Most people have a junk drawer somewhere in the garage or kitchen. This is where all the odds and ends end up: stray matchbooks, rivets, unidentifiable pieces that were found on the floor. This modern day cabinet of curiosities contains two types of detritus: things that look too important to throw away and things that are interesting in their own right. Aldinucci’s junk drawer is comprised of sonic snippets: small shreds of spliced tape, miscellaneous field recordings, synthesizer patches that he couldn’t fit in a song. After a while, these refugees began to demand their own home, and Aldinucci obliged. In this single half-hour piece, he incorporates the sounds of hammers, yowling dogs, ritualistic chanting, electronic squelch, children, crowd noise, birdsong, running water and so much more. From time to time, a melody attempts to break out, then trips over the rest of the debris and lands flat on its face. The other sounds sigh, spared such a fate.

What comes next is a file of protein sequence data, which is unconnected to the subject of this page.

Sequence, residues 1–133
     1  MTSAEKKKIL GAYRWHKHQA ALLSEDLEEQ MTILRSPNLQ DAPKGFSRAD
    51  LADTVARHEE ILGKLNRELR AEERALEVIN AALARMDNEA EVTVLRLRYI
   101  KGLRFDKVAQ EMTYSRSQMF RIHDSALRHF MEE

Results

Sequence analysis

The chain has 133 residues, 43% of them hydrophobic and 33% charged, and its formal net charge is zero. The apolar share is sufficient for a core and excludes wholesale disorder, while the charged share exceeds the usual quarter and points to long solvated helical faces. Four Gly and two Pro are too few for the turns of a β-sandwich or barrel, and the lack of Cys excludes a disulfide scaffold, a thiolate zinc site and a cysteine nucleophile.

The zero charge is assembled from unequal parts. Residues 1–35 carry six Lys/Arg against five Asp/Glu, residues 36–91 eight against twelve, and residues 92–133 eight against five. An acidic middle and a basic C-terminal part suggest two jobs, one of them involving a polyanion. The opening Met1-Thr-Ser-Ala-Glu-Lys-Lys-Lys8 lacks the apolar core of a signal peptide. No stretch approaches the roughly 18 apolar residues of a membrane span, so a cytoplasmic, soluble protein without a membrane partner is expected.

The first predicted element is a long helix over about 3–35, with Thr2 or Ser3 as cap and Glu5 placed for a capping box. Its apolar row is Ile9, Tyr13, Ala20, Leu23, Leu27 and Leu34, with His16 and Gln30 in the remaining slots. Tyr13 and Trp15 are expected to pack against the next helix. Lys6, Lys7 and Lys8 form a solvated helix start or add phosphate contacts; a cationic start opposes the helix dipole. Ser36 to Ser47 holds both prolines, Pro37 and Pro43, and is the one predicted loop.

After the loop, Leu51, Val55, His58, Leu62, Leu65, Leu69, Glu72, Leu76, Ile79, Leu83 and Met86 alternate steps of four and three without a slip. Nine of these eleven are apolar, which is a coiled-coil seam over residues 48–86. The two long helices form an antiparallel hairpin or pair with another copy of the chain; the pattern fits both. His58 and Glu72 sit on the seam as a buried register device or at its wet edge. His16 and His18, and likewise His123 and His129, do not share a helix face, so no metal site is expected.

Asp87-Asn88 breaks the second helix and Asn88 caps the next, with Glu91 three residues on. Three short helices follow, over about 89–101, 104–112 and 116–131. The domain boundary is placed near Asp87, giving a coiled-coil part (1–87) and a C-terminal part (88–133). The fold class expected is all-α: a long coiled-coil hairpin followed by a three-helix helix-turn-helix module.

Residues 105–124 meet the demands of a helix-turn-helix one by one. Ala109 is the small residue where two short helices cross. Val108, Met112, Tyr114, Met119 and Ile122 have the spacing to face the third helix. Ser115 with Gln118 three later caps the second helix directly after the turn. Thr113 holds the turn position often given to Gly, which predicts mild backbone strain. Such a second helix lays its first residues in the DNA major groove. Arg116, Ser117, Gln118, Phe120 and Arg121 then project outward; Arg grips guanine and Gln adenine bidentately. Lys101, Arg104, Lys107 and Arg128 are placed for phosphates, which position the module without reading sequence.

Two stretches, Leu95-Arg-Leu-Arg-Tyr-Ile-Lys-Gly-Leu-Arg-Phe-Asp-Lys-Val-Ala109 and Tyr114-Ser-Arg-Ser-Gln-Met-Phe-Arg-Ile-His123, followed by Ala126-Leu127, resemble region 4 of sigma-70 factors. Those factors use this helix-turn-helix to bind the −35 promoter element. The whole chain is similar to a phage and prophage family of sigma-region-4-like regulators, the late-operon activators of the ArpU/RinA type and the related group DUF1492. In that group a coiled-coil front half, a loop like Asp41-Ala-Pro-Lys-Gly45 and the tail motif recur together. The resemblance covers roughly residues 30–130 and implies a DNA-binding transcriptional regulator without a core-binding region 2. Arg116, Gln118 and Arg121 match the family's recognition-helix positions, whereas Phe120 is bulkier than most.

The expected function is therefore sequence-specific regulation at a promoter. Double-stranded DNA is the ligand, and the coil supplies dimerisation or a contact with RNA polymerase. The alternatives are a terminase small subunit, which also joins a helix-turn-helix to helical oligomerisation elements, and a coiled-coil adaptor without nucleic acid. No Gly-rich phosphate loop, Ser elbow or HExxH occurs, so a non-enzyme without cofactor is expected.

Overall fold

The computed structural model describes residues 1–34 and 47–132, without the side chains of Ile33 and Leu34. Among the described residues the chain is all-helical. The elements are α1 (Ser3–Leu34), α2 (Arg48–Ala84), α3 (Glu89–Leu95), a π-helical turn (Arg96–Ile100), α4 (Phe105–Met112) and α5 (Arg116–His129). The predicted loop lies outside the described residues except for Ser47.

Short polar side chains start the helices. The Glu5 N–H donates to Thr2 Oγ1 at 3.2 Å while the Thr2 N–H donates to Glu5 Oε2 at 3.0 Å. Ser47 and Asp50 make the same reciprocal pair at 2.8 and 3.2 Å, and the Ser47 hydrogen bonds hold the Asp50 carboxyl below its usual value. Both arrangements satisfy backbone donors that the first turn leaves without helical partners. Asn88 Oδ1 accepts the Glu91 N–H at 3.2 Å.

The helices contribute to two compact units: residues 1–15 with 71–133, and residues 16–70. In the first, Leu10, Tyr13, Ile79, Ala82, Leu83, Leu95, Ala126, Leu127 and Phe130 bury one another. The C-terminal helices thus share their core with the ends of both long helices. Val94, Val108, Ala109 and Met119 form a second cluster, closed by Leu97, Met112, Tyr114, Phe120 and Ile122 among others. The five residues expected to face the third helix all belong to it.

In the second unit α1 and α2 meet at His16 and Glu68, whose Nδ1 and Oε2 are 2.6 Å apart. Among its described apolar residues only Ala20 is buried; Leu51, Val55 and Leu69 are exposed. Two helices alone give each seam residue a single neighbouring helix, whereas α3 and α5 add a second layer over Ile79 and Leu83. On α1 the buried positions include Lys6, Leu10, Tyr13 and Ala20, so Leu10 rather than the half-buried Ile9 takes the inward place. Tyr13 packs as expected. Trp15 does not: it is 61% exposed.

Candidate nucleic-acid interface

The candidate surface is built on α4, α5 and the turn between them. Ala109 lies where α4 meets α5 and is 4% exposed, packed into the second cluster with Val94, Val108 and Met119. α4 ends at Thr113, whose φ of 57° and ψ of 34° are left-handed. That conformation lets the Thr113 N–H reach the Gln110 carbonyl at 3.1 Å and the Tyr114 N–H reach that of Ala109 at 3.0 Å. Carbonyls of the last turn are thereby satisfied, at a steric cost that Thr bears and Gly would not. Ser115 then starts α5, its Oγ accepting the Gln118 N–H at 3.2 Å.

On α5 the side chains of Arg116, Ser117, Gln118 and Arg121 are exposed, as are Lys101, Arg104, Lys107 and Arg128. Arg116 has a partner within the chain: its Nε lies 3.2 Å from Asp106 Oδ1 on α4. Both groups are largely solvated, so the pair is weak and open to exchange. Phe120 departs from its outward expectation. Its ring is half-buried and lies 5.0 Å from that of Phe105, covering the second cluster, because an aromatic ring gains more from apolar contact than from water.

The diversity of sources makes Yellow Horse an intriguing listen. Aldinucci’s collection of sounds unfolds on several levels at once: the human (car horns and cutlery), the natural (crickets and flies), the musical (guitar and gong) and the spiritual (the integration of components). The compositional process was one of categorization and organization. Now every sound has found its best place. In the end, Yellow Horse becomes a parable of a balanced life. Now that the junk drawer has been cleaned out, one wonders what happens next; our guess is that the process begins anew. (Richard Allen)